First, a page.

Good Grief

I originally had an entirely different, fall-themed post planned for today, but it seems I’m unable to wrest my thoughts from memories of my mother-in-law, Lois, who died seven years ago this month at the well-seasoned age of 87. Seems an odd thing to be focused on considering everything else that’s going on, especially as ours was a decidedly prickly relationship—she, a stickler for all forms of social etiquette while I’ve forever rebelled against them, often for no reason other than a lifelong need to go against the grain. But the mind goes where the mind goes, and so here we are.

Lois was many things: an avid and accomplished sailor, president of numerous southern Maine garden clubs, and an award-winning flower designer in the ancient school of Ikenobo Ikebana—an esoteric Japanese art form she demonstrated and taught all over the world. She was also known for enormous, themed dinner parties and could mix a mean martini. But there was another talent she had quietly mastered unbeknownst to family and friends. The lady, it appeared, could write.

I’d never have known this about her if I hadn’t stumbled across a box of her things some months after her death, among them a short, “self-published” pamphlet of her poetry—written, it appeared, just after my father-in-law succumbed to his final illness a few years earlier. Titled Good Grief—My Journey Into Widowhood, it demonstrates the subtle, poignant beauty of her writing, and pulls the breath from me to this day. I share some of it below. Enjoy.


The shelter called him Lawrence.

To us he was “Kitty” or “Tom C.”

Cat-like, he napped everywhere.

Mostly cat-like, he took our bed.

On the last day, he sat lion-like on the foot of that bed.

He watched all day while his master breathed hard.

Tom-C did not nap.

Tom-C did not move.

Tom-C listened.

Tom-C watched. 

After the last breath, Tom-C got down.

Tom-C went to the kitchen and ate.


Just ditched the flowers,

Except the lilies—the buds opened.

Family gone.

Back in their routines.

After all, life goes on.

I have no routine. Writing notes to say thanks.

Thanks for what?

Comments are all the obvious.

“Sympathy, condolences, prayers. Sorry, thinking of you.”

Nothing new or different.

He was the different one.


The ocean makes waves.

Water surges.

It finds its peak and collapses.

Grief makes waves.

Emotion takes over.

It surges.

You think you can’t stand it.

Then, just as when the tide goes out

Calm comes. But not enough to wave goodbye.


An excellent start. Over the line with the gun.

Going to windward, the helm feels balanced.

Perfectly trimmed jib. Tell-tales streaming parallel.

Wind gusts and a knock down puff put us on the rail and parallel.

Careful not to pinch, we tack on a lift. 

We are early rounding the buoy.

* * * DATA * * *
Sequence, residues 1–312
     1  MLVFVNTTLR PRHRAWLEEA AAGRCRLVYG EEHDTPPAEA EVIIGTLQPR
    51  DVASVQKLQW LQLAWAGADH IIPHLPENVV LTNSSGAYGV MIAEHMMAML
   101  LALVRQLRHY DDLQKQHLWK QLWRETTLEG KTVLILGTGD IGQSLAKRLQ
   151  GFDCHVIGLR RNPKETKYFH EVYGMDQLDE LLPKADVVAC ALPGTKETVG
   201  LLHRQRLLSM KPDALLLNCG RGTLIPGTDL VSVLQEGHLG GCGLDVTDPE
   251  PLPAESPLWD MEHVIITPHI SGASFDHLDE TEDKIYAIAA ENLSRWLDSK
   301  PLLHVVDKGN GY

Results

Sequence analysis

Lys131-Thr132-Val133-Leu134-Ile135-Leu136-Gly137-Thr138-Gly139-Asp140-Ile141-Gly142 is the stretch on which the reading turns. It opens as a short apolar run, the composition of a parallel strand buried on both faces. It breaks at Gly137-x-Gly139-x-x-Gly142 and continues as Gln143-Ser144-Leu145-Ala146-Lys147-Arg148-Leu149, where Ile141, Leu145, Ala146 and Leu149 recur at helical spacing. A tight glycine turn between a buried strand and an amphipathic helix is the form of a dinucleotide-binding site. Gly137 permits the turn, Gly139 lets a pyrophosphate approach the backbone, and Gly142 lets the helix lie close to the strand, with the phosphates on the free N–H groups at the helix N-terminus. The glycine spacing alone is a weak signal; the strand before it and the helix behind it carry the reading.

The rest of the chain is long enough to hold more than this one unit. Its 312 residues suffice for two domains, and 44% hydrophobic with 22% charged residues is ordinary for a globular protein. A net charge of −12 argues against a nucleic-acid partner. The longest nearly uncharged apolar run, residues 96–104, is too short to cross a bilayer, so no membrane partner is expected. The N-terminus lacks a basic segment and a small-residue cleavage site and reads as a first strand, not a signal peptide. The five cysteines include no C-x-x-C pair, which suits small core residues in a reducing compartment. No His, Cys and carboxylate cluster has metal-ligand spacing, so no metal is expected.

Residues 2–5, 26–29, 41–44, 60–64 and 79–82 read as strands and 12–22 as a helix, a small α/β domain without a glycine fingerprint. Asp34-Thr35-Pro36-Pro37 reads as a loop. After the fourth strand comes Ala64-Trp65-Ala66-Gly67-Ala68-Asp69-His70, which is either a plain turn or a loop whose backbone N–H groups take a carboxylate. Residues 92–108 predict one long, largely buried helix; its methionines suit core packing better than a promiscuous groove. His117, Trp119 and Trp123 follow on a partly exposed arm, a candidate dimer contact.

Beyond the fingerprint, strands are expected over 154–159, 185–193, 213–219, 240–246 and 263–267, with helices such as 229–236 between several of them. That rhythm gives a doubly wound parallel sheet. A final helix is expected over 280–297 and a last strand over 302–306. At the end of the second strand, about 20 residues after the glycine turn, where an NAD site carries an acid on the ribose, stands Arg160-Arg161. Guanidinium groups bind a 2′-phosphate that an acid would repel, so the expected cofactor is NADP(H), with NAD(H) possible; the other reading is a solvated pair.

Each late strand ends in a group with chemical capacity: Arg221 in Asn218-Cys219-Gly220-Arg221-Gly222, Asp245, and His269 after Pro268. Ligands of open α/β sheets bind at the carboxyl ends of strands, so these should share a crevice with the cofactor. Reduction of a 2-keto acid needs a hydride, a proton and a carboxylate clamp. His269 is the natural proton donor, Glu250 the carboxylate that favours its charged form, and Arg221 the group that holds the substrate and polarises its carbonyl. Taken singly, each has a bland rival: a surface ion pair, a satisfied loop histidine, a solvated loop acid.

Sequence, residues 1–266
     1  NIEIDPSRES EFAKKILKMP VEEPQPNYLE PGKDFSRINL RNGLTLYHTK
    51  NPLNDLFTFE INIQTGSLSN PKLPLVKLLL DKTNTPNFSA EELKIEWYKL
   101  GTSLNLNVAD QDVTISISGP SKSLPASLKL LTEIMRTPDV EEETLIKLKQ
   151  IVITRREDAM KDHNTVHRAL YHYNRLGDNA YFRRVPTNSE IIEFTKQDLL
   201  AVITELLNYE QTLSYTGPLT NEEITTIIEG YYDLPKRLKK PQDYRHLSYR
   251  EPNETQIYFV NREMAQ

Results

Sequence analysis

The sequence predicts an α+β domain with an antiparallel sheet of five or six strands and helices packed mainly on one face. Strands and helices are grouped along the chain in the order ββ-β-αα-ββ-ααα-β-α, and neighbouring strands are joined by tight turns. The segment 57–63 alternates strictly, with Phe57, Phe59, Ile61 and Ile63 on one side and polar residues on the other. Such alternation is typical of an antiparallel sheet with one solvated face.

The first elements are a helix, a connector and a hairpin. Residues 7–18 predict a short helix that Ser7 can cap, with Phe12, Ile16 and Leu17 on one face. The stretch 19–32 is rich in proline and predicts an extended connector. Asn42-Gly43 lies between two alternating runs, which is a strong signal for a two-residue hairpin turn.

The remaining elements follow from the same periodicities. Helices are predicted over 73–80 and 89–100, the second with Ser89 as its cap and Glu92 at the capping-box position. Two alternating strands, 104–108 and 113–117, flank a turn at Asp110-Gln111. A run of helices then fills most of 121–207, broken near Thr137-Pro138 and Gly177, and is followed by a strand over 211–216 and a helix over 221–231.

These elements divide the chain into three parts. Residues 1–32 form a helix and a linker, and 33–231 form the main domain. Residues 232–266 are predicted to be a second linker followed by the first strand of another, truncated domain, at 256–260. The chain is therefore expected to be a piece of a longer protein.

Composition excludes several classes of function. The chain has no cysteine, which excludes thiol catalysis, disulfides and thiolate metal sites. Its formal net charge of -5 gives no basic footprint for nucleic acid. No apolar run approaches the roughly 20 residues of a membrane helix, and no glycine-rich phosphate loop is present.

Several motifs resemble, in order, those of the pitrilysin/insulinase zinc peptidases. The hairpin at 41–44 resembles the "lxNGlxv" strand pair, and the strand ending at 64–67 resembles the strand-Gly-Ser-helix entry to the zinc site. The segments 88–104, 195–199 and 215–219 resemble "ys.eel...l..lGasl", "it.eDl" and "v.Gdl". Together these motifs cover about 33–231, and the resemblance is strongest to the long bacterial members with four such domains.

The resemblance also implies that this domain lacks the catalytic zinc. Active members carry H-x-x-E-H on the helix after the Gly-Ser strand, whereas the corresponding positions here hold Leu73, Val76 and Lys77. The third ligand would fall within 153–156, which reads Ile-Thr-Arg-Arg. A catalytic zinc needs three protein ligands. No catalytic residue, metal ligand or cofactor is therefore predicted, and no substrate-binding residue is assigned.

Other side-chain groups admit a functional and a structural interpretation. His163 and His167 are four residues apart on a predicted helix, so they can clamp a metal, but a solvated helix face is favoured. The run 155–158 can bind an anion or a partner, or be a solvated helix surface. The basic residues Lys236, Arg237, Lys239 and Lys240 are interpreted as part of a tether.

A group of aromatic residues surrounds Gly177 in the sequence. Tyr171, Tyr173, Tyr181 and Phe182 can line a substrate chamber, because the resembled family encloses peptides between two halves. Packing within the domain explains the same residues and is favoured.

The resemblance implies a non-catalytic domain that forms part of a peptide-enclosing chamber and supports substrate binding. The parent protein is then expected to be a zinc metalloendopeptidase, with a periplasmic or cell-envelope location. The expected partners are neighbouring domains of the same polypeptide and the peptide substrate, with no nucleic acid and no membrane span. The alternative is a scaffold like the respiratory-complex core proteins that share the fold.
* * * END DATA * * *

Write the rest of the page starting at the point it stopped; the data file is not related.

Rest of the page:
The reaching leg is a delight.

The boat planes and we relax a bit.

We are in this together.

The wind changes and we almost lose it.

Control is everything.

We argue about the course.

All thoughts of “parallel” flee.

The tide helps us around the buoy and we jibe the boat.

Downwind is where we lose the lead. We pop the spinnaker.

Working as a team again.

The wind brings the fleet upon us.

We are overtaken.

We do not win that one.

But…what a race!

What a life! Together!

Why Lois never shared her writing with anyone remains a mystery. I only wish I’d taken the time to know her better—just one of the many regrets I have about our relationship. The grief, it appears, is not only hers.

Darcy Scott (Winner, 2019 National Indie Excellence Award; Best Mystery, 2013 Indie Book Awards; Silver Award, 2013 Readers Favorite Book Awards; Bronze Prize, 2013 IPPY Awards) is a live-aboard sailor and experienced ocean cruiser with more than 20,000 blue water miles under her belt. For all her wandering, her summer home and favorite cruising grounds remain along the coast of Maine—the history and rugged beauty of its sparsely populated out-islands serving as inspiration for much of her fiction, including her popular Maine-based Island Mystery Series. Her debut novel, Hunter Huntress, was published in Britain in 2010.

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5 Responses to Good Grief

  1. Reine says:

    This is beautiful and very moving.

  2. Thanks for the poems but more for the reminder to know people before it’s too late.

  3. kaitcarson says:

    How lovely to find such a parting gift.

  4. Julianne Spreng says:

    She didn’t share because it was personal. All the societal norms stuff is just cover for keeping the reality at bay. Stiff upper lip, convention, politically correct. Knowing what is expected makes lots of people feel safe.

    I, on the other hand, always questioned the conventional wisdom. Because it is always done this way held no weight with me. If there wasn’t a good reason, such as safety, don’t expect an obedient disciple. My feeling is that’s why those of us who question are met with such anger and even hate.

    I’m so glad that you discovered her writings. It’s a window into the person she was deep down.

  5. Dear Darcy, thank you so very much for this poem. I’m very grateful for this.
    Sandra Gardner

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